Allowing this lawbreaking and the resulting health crisis is turning communities into Third World Countries health-wise. The Hepatitis A epidemic that started in San Diego, Los Angeles and Santa Cruz camps has spread statewide now infecting 350 new people and killing 11 each week.

This is social policy Venezuela-style. Socialism converted the most prosperous nation in South America to citizens dining on rats. The average person there has lost 19 pounds.

An NBC Bay Area Investigative Unit surveyed 153 blocks of downtown San Francisco in search of trash, needles, and feces. The effort revealed trash littered across every block. Forty-one blocks were littered with 100 needles and 96 blocks had 300 piles of feces.

“If you do get stuck with these disposed needles you can get HIV, Hepatitis C, Hepatitis B, and a variety of other viral diseases,” said Dr. Lee Riley, an infectious disease expert at University of California, Berkeley. Riley explains that once fecal matter dries, it can become airborne, releasing potentially dangerous viruses, such as the rotavirus. “If you happen to inhale that, it can also go into your intestine,” he said. The results can prove fatal, especially in children. Hepatitis A is also spread by human feces.

Riley, author of the book ‘Slum Health,’ believes areas of San Francisco are filthier than many developing countries. Poor does not have to equal gross polluter. It takes a twisted thinker to excrete where you eat.

Mohammed Nuru, Director of San Francisco Public Works, says cleaning human feces, trash, and needles from the city's sidewalks costs his department about $30 million each year. A single pile of human feces takes at least 30 minutes for one of his staffers to clean. “The steamer has to come. He has to park the steamer. He's got to come out with his steamer, disinfect, steam clean, roll up and go.”

Other infectious disease outbreaks are starting in homeless camps. They include new strains of tuberculosis that emerged in Northern California; a deadly new strain of streptococcus that killed three street people in Anchorage; and a shigella food borne illness that causes bloody diarrhea, began in Portland.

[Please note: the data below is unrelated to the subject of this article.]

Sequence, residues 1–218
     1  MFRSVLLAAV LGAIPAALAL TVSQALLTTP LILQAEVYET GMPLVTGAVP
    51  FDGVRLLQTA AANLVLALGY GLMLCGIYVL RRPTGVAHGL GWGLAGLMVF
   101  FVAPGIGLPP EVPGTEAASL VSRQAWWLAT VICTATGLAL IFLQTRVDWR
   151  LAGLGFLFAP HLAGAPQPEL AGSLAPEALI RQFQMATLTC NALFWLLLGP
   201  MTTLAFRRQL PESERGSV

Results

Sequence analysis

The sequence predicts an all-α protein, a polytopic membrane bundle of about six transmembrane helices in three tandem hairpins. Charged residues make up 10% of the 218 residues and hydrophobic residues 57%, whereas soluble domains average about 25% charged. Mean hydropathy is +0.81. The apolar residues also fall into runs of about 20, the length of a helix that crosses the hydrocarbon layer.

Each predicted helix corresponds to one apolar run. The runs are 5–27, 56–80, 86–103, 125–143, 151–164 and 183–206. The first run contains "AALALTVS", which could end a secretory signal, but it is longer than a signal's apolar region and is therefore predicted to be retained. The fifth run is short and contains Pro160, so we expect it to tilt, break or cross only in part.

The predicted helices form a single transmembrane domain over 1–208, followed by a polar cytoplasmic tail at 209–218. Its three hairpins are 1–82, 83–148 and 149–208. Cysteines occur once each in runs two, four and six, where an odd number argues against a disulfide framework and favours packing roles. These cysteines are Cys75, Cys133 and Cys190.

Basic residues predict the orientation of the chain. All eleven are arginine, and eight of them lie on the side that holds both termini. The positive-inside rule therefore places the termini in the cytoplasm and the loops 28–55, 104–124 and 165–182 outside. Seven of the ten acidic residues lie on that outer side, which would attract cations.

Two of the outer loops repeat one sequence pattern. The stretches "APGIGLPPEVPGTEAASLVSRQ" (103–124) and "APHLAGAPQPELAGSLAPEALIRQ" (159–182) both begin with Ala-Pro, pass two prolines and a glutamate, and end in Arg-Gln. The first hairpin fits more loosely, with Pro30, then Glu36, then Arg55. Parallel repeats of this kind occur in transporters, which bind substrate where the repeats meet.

The government kabuki dance around “the homeless” purposely ignores the liberal welfare state that created the problem and the resulting homeless industry in the first place. Now, a delusional judge rules that taxpayers must accommodate the waste.

by Carol Withington


Although it was generally believed that slavery was banned in California by the Compromise of 1850, one can only research the newspapers during that time period to find items describing slaves for sale, cases involving enslavement or advertisements offering rewards for runaways such as the one that appeared in 1852 in the San Francisco Herald.

In this advertisement a $100 reward was offered for a "runaway from Mrs. Elizabeth Ware in the month of October, 1850, from Marysville". A description of Hagar was given along with the fact that she had changed her name to Mary. The reward was increased to $150 if she was located in any other county "with her delivery in the hands of the sheriff of San Francisco".

In another example, some slaveholders hid their slaves in remote areas such as the case of Addie Taylor who worked as a sheepherder in the Yuba County community of Hansonville, which was first settled in 1851 by James H. Hanson, from whom the town was named.

Although it is unknown when Taylor first arrived, Hansonville, located 28 miles from Marysville, once boasted of a population of a thousand residents. A quartz ledge was found in 1851 and, in addition, a number of miners worked along the Honcut Creek. Serving this thriving community were seven stores--each with a bar; eight hotels, a bowling alley and a private school, which was established in 1853. A permanent school house was built in 1864 and was also used by the Methodists for religious services.

Hansonville would eventually endure a major fire and flood along with the loss of many established stamp mills. By 1860, the last store remaining closed down. It appears that prior to this time, the life of enslaved Addie Taylor took on an amazing turn of events--thanks to a man named Robert Anthony.


According to research, Anthony came to Sacramento from St. Louis, Missouri between 1849-1852, traveling by ox team with his owner. Anthony worked in the mines for two years in order to pay for his freedom. It is said he worked by day for his master and by night for himself.

With the money he saved, Anthony was able to eventually purchase two quartz mills and is credited as owning the first quartz mill in California. Both of his mills were located at Horncutt (Honcut) between Yuba and Dry Creek. One mill was worked by horses, the other by water.

Anthony later moved his mills to Browns Valley, which was once the scene of the most extensive quartz mining operations in Yuba County. While working at the mills, he learned about Taylor and her enslavement in Hansonville. As the story goes, one day Anthony drove by wagon where Taylor lived and asked her if she did not wish her freedom. "Yes," was her reply and Anthony then requested Taylor to get into his wagon and they drove to Colusa, where he was now a resident. It appears that a mine tunnel had earlier collapsed and crippled him so that Anthony was no longer involved with the quartz mills.